Dr. Samuel Koo – Seattle, WA
Frozen shoulder is a general term used to describe all causes of motion loss in the shoulder. The most common cause of loss of motion is a condition known as adhesive capsulitis. The joint capsule is a watertight sac that encloses the joint and the fluid that lubricates it. With adhesive capsulitis, the shoulder capsule becomes stiff, leading to limited range of motion of the shoulder. The shoulder capsule becomes stiff because of a combination of inflammation and fibrosis (scarring of the capsule).
Why people develop adhesive capsulitis is, for the most part, unknown. Women are more commonly affected than men. Risk factors include diabetes, thyroid disease, and heart disease, however, the majority of people who develop adhesive capsulitis have no known risk factors.
Physical Causes of a Frozen Shoulder
Frozen shoulder typically happens through a physical cause. The shoulder is a very susceptible area on the body, so physical causes are common and can happen at any age:
Physical injury – This happens a lot to athletes who participate in high contact sports, such as football, hockey and lacrosse. A hard hit to that area can damage the intricate and delicate tendons in the shoulder. Additionally, twisting and spraining injuries can create a frozen shoulder, too. This can be from other sports that use the shoulder such as gold or tennis, or any common activity like yard work or heavy lifting.
The Shoulder was immobilized for a long period of time – After an injury, you may have to rest your shoulder for weeks or even months at a time depending on the injury. During this process, the muscles and tendons tend to lock up. However, these are usually more mild cases of frozen shoulder. It is suggested you do exercises recommended by your physical therapist to avoid a frozen shoulder during recovery. With some exercises and stretching, a frozen shoulder caused from this should go away.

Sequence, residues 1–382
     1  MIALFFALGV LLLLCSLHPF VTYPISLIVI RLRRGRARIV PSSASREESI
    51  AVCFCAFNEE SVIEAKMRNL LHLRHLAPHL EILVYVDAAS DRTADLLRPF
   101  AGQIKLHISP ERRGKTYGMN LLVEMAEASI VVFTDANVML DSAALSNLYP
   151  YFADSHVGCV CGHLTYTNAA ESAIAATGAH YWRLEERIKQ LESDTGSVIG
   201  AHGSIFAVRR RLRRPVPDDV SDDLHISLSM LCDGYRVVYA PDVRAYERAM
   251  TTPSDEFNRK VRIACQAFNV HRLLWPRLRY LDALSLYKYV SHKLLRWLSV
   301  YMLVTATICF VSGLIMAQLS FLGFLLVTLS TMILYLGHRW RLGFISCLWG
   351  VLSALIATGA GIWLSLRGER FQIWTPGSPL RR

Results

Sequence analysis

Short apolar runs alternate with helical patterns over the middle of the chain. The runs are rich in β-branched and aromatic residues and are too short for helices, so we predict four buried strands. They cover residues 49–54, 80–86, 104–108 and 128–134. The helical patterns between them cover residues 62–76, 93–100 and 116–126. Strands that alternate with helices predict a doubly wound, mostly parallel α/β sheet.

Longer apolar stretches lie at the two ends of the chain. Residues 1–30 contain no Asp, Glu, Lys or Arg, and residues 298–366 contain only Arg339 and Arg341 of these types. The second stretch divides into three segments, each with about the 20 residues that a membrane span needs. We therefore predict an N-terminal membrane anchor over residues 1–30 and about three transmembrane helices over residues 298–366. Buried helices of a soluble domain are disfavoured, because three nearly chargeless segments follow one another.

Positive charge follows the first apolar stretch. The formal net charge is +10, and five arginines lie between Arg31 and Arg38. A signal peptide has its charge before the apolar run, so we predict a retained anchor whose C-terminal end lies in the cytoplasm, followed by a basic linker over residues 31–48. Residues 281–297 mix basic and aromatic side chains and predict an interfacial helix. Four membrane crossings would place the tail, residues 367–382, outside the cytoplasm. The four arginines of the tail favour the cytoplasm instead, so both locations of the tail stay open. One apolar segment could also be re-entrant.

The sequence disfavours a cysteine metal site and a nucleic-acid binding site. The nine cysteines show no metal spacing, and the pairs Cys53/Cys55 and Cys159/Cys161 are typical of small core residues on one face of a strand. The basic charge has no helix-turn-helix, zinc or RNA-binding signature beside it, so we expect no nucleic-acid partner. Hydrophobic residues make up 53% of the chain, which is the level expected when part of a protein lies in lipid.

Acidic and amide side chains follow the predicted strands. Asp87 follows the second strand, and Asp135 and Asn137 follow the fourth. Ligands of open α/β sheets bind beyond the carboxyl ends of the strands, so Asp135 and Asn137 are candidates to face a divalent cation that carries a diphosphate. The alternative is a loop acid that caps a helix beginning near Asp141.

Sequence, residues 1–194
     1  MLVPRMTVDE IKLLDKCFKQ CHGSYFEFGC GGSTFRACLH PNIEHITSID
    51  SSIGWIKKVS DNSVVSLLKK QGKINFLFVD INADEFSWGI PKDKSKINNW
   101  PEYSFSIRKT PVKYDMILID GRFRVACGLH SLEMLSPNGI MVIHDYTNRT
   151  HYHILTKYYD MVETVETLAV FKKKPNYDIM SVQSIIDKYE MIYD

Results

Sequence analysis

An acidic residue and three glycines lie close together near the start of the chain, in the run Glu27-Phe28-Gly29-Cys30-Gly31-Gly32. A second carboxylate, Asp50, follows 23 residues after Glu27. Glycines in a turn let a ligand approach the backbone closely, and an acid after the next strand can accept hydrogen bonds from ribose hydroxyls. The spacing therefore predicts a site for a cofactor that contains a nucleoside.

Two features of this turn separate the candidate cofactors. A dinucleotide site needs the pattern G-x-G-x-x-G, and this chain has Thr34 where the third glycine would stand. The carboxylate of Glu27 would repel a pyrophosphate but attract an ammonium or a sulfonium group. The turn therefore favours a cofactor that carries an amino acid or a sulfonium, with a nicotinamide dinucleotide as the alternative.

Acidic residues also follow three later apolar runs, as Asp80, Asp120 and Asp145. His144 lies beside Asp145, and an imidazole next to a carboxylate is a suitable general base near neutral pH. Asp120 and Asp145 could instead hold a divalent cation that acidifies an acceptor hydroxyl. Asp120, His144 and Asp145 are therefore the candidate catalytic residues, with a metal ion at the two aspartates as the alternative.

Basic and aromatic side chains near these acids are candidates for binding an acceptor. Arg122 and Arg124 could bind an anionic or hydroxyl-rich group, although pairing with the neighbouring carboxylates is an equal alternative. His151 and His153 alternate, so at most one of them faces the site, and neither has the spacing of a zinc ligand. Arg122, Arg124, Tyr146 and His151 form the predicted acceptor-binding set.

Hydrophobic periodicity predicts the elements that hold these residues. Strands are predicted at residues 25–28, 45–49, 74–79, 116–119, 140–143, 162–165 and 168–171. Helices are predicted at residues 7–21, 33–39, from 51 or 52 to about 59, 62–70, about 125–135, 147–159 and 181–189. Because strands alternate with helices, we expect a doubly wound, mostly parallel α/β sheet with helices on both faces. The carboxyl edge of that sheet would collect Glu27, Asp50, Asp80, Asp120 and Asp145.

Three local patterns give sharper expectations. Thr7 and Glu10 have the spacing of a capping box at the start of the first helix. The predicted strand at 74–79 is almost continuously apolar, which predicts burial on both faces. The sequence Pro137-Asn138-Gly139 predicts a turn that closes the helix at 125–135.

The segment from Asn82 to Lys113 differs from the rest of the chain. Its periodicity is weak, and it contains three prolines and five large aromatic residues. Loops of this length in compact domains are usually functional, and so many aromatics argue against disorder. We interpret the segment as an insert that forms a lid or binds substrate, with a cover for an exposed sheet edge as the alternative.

Treatment for Frozen Shoulder
Adhesive capsulitis is traditionally divided into 3 phases.
Phase 1: Inflammatory/Pre-Freezing Phase
During this phase the shoulder is very painful when in active and passive motion and range of motion is only limited by pain. You’ll also feel aching when you’re not moving your shoulder as well. Typically, you’ll lose motion when you rotate your arm away from your body (external rotation) and when you raise your arm or reach behind your back (internal rotation). At this point, it’s pretty difficult to say for certain if you have adhesive capsulitis. This phase typically lasts several months.
Phase 2: Freezing Phase
The shoulder capsule becomes progressively stiff during this phase and true limitation of motion develops. By the end of this phase, the shoulder is very stiff but is only painful at the end ranges of motion. This phase usually lasts 3-9 months.
Phase 3: Thawing Phase
In this phase, the shoulder range of motion and pain progressively improve. This phase typically lasts 1-2 years. Near the end, you’ll being to go back to your daily activities as normal. The entire process can take 2-3 years or more to resolve.
Treatment for adhesive capsulitis includes anti-inflammatory medications and physical therapy to try to maintain or improve motion. An injection of cortisone into the shoulder can, sometimes, stop the inflammation. Patients will require an arthroscopic procedure to break up the scar tissue.